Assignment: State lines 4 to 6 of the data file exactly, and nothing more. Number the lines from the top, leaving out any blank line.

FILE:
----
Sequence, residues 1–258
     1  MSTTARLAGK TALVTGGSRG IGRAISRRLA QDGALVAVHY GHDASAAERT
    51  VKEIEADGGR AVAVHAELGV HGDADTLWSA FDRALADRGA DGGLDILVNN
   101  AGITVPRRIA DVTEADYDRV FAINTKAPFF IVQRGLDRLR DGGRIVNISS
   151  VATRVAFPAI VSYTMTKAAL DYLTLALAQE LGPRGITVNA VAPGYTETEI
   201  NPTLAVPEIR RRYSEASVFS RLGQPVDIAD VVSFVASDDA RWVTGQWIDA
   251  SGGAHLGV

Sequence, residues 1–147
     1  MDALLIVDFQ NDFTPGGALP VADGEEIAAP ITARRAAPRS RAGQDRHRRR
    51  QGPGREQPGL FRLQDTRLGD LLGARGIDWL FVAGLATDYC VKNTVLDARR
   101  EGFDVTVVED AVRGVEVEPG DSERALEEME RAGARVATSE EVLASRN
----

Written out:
   101  AGITVPRRIA DVTEADYDRV FAINTKAPFF IVQRGLDRLR DGGRIVNISS
   151  VATRVAFPAI VSYTMTKAAL DYLTLALAQE LGPRGITVNA VAPGYTETEI
   201  NPTLAVPEIR RRYSEASVFS RLGQPVDIAD VVSFVASDDA RWVTGQWIDA